Furnishing telehealth services is a no-brainer (pardon the pun) for mental healthcare providers. With the convenience, efficiency and popularity of telehealth, it is an easy decision for most mental health specialists to adopt this form of patient care delivery. The coronavirus pandemic has only accelerated the adoption of mental telehealth, and this trend is more than likely to last well into the future.
Unfortunately, billing for these services can be a bit more complex than the decision to implement them. The federal government has responded to the COVID-19 pandemic with relaxed requirements for telehealth services and billing, leading to the nationwide expansion of this type of care. These changed guidelines also include revisions to coding and billing for telehealth.
While this presents a great opportunity for the mental health industry, it also means providers need to update their knowledge of telehealth billing and coding for the modern era. In short, behavioral health practitioners need to familiarize themselves with the basics of telehealth billing.
COVID Brings Changes to the Mental Telehealth Billing Landscape
After the Centers for Medicare & Medicaid Services (CMS) declared the COVID-19 epidemic a public health emergency in January 2020, it also made regulatory changes to allow for more remote care. Foremost among these changes were revisions to requirements for telehealth services, including coding and billing.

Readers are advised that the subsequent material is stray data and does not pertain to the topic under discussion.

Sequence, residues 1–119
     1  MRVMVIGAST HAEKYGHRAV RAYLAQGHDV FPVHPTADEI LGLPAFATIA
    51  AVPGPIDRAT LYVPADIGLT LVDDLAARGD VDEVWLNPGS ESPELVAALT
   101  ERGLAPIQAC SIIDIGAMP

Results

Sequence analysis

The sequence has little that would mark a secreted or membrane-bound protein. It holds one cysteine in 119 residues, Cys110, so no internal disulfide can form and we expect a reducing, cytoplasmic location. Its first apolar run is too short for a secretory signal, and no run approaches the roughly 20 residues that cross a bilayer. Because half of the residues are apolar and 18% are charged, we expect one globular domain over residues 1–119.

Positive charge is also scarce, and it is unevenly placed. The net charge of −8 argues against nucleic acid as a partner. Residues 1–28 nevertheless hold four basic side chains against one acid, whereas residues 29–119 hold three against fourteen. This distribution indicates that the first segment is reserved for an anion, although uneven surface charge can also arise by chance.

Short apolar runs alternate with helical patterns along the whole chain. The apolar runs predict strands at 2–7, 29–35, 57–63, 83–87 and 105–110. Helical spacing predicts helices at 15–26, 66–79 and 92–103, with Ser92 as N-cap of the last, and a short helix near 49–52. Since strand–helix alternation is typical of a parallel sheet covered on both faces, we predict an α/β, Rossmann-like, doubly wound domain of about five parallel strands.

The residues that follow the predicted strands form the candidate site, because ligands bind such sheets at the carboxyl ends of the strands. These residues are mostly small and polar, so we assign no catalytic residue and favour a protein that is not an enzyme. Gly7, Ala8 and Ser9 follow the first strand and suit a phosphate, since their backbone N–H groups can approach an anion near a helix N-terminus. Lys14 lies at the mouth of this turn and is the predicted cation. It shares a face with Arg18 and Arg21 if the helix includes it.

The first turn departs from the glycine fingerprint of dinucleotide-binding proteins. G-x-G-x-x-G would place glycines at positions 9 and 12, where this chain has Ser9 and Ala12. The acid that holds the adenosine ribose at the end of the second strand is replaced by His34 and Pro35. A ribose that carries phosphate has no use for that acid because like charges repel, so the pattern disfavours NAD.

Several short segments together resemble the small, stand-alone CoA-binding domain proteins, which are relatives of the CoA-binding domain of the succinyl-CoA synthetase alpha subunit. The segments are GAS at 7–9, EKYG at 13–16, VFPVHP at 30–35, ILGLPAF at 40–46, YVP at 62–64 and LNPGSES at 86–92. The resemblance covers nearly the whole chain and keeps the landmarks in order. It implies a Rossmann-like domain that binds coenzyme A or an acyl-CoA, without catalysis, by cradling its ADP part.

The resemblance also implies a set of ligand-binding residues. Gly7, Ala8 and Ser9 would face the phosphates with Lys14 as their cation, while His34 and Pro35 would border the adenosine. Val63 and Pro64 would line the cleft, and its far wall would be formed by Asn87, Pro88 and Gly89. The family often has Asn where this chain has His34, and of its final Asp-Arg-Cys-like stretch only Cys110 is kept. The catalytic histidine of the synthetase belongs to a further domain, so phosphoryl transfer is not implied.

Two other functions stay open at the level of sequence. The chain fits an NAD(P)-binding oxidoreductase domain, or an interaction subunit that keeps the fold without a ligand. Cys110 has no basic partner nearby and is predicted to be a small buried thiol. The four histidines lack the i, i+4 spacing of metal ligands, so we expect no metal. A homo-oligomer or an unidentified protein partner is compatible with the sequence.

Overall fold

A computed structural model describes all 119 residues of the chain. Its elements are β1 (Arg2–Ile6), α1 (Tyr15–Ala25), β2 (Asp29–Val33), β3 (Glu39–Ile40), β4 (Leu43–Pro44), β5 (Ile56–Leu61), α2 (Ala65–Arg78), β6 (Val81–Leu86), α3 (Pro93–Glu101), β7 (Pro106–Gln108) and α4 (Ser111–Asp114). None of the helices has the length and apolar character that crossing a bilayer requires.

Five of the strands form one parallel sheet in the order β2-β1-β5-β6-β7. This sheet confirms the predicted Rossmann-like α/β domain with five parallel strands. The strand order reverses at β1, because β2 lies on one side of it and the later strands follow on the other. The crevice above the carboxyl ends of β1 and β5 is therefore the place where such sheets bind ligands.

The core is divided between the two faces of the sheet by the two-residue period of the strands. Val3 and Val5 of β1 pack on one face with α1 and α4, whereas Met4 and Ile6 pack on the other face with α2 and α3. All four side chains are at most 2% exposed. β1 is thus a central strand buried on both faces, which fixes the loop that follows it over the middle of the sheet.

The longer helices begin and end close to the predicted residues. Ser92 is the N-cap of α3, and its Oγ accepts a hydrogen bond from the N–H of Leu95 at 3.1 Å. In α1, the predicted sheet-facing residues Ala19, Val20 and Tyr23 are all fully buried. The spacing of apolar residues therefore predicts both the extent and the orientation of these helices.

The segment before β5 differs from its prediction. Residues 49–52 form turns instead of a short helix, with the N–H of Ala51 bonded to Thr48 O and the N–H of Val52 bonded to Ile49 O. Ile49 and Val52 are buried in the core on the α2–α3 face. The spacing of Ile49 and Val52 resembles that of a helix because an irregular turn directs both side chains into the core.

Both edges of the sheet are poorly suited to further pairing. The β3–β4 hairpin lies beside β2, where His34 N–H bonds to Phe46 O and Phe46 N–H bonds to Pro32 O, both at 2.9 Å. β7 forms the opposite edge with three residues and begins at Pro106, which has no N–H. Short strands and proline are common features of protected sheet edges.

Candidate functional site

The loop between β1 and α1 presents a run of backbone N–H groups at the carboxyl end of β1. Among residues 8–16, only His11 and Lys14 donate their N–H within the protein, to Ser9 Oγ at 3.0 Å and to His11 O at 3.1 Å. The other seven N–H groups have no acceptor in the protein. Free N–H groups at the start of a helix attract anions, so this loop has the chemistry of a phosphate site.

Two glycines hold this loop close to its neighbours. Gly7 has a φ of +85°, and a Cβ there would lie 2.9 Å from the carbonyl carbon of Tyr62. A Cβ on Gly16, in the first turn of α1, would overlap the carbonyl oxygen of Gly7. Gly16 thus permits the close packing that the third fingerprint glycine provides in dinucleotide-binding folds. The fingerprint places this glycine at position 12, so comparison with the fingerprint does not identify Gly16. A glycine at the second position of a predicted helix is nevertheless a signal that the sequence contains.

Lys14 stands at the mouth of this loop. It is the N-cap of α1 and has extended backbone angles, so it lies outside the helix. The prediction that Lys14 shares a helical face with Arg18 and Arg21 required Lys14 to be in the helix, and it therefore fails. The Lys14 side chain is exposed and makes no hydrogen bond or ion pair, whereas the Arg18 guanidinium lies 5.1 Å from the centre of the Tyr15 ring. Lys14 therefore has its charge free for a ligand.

Pre-COVID Telehealth Guidelines
Prior to March 2020, Medicare guidelines had fairly strict requirements for telehealth services, which were generally followed by commercial payers as well. These requirements included the following: (1) the patient had to reside in a designated rural or underserved area, (2) the patient had to go to a healthcare facility or other “originating site” (such as a physician’s office, hospital or health clinic) for services, (3) only established patients could receive telehealth services, and (4) the provider had to use a HIPAA-compliant telehealth platform.
Telehealth Guidelines in the COVID Era
When CMS instituted its telehealth expansion in response to the COVID public health emergency, these guidelines were relaxed significantly. These relaxed rules have remained in effect well into 2021 and include the following: (1) the patient can reside anywhere in the country, (2) the patient can be located at any site to receive telehealth services, including their home, (3) either new or established patients are eligible, and (4) the provider’s platform does NOT need to be HIPAA-compliant.
Behavioral Health Services Can Now Be Provided Via Telehealth
In addition, CMS expanded the behavioral health services that could be provided via telehealth during the pandemic. These expanded telehealth services and their corresponding CPT codes range widely, from psychiatric diagnostic evaluations (CPT 90791-90792) to psychotherapy (CPT 90832-90838) to psychoanalysis (CPT 90845). Most commercial payers have followed suit by adding behavioral health services to their lists of services that can be provided via telehealth.
It should be noted that there are legacy CPT codes for telehealth therapy, but these have generally fallen out of favor. CPT 98968 is the legacy code for telehealth therapy with a non-psychiatrist, while CPT 99443 is the legacy code for telephone therapy with a psychiatrist. However, it is generally advisable to use other CPT codes from the CMS expanded list of allowed telehealth services, while being sure to use the correct Place of Service codes and code modifiers as explained below.